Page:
PROFILE

Rick Moss

President, Co-founder, RetailWire

Along with partners Al McClain and Santi Briglia, Rick Moss is responsible for conceiving and building RetailWire.com. Principally, he spearheads the functional design and content of the site, along with other administrative and creative duties.

  • Rick’s career in retail trade communications stretches back to 1981 with the start-up of Retail Insights, a ground-breaking video trade magazine. He headed the production and design team for that series of programs until 1993, when, along with partner Santi Briglia, he formed Further Media, a communications design company.
  • With Further Media, Moss and Briglia produced a diversity of b2b communications for the likes of IBM, CMP/InformationWeek, Dean Foods, Ralston Purina and GE. Although primarily concentrated on web design and management, Further Media also designed for video, print and interactive disk.
  • In 1998, out of a partnership between Further Media and Al McClain’s Media Connection, came IdeaBeat.com — the retail industry’s most innovative online community. Rick served as President, overseeing content and strategic partnerships.

Rick is also a contributor to blogs and news publications, typically writing on the impact of future technologies. His opinion pieces have appeared in USA Today and Forbes.com. He is the author of two novels: the speculative fiction thriller, Ebocloud, and Tellers, about a tragedy that befalls a Hudson Valley farming collective. He serves on the Human Trajectories Board, Media & Arts Board and the Robotics/AI Board of the Lifeboat Foundation, an organization dedicated to encouraging scientific advancements while helping humanity survive existential risks associated with the misuse of increasingly powerful technologies.

Rick resides in Brooklyn, New York with his wife Catherine of 30 plus years. They have two grown daughters, Alison and Genna, both involved in the creative arts.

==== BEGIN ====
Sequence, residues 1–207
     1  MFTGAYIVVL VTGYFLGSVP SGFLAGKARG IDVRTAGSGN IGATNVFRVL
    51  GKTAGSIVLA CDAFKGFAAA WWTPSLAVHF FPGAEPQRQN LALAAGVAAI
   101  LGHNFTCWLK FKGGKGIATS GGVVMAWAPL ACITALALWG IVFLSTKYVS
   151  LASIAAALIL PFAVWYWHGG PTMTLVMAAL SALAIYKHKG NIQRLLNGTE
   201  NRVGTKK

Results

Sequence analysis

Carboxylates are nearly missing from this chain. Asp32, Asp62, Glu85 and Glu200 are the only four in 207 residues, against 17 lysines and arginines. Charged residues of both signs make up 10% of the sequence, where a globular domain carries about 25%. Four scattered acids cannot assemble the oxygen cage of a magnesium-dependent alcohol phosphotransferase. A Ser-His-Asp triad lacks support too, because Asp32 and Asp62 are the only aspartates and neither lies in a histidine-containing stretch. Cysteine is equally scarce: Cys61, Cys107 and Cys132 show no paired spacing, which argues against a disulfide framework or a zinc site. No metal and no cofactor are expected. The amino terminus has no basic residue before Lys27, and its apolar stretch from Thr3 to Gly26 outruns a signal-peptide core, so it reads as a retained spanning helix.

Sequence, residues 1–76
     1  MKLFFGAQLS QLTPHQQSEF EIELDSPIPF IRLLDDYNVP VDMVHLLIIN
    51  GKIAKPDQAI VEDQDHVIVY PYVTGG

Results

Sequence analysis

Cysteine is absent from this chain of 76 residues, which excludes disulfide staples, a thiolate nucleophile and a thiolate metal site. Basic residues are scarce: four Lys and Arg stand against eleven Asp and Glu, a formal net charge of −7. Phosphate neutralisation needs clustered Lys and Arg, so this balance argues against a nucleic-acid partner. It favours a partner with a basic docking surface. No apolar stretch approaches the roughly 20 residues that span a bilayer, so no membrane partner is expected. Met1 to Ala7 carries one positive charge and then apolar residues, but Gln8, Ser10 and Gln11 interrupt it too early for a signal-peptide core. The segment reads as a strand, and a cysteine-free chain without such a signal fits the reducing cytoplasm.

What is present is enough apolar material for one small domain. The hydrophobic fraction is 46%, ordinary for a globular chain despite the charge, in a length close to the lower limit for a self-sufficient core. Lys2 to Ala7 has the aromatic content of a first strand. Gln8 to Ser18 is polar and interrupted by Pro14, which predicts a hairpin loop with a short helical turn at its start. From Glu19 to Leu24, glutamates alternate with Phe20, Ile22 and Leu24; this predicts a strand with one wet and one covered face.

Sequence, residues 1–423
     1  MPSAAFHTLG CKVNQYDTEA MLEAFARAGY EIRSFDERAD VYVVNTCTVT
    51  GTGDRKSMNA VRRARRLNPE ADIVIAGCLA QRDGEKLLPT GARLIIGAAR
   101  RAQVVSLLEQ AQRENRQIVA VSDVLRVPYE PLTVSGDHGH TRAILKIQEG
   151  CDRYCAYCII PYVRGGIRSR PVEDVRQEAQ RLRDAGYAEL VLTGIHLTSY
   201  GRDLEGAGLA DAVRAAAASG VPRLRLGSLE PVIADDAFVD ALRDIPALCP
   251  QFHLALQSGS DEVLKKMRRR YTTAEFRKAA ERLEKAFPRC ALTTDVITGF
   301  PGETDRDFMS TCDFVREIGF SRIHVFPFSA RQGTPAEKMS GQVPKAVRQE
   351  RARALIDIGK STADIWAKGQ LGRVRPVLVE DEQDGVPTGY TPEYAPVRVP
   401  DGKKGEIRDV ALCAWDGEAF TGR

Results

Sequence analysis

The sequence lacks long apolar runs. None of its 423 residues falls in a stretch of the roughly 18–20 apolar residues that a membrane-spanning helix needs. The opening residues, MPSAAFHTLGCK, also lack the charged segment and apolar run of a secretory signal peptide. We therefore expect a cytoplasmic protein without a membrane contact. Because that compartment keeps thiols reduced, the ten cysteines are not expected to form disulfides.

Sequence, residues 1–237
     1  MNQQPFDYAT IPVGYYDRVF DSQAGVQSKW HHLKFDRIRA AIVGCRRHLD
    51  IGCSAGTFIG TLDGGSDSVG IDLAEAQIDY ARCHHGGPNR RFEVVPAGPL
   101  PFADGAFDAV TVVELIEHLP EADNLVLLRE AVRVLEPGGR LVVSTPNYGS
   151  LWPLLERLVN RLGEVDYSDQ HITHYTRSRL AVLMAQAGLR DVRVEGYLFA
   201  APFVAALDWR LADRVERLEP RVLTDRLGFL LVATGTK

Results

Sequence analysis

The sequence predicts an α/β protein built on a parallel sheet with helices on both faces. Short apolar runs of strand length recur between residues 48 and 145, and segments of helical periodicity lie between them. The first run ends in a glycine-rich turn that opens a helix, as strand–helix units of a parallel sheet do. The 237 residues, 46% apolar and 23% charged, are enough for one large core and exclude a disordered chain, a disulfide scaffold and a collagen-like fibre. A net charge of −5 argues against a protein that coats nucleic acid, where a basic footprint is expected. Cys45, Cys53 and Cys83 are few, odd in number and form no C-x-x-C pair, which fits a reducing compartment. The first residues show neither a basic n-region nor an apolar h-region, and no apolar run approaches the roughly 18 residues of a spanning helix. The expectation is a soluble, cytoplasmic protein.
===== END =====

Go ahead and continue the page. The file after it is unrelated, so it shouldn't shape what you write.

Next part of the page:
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  • Posted on: 04/23/2020

    Should grocers close their doors to customers for safety’s sake?

    Very much in agreement, Neil. Even the mighty Amazon is struggling mightily to keep up with online grocery orders. Getting delivery slots from Whole Foods in NYC or from other grocers via Instacart is like trying to nab Springsteen concert tickets. If government were to mandate that stores close down to shoppers, many people would go without food. Local governments should work out appropriate guidelines and restrictions to assure the safety of workers, and retailers should be given the freedom to devise their own strategies. That way, consumers will continue to have a variety of options.
  • Posted on: 04/14/2020

    Amazon puts new online grocery customers on hold, reconfigures Whole Foods

    Same story here in NYC, Peter and Dick. The Amazon Fresh home page displays a "Delivery temporarily sold out" notice.
  • Posted on: 04/01/2020

    Will socially distanced shopping launch robot delivery for the masses?

    To those who see robots as impractical, consider the current alternative in big cities. In New York, bike messengers (increasingly on motorized vehicles) zip down sidewalks, streets and bike lanes causing untold hazards to themselves and pedestrians. The work is horrid, and it's difficult to imagine a robot wouldn't be a good investment over time when compared to paying and managing transient workers. Throw in the benefit of greater safety during pandemics, and I'm all in.
  • Posted on: 03/20/2020

    How can indie restaurants survive the coronavirus?

    Yes, Richard, here in Brooklyn the bars are packaging cocktails in plastic cups for delivery. It's at least enough of a novelty that they may get some takers, for now.
  • Posted on: 02/25/2020

    Was Burger King smart to showcase moldy Whoppers?

    As an academic exercise in how to draw attention to a product claim, it may be successful on some level, but, speaking personally, I will never be able to unsee that moldy burger.
  • Posted on: 02/14/2020

    Startup turns to the gig economy to bring expert sales advice online

    I clicked on an item in an email I received from Uniqlo last evening, and then browsed their website, checking out a few more items that looked appealing, and a couple that didn't (as in, "A collar-less fleece jacket? That looks odd. Who would wear that?"). Today, I received another Uniqlo email with "Top products hand selected for you." The email contained all five items that I had clicked on, including the weird fleece. This is AI with an emphasis on "artificial" and a world away from getting genuine recommendations from genuine people. I hope Curated can make a go of it. It would be another reason to avoid less-than-satisfactory in-store experiences.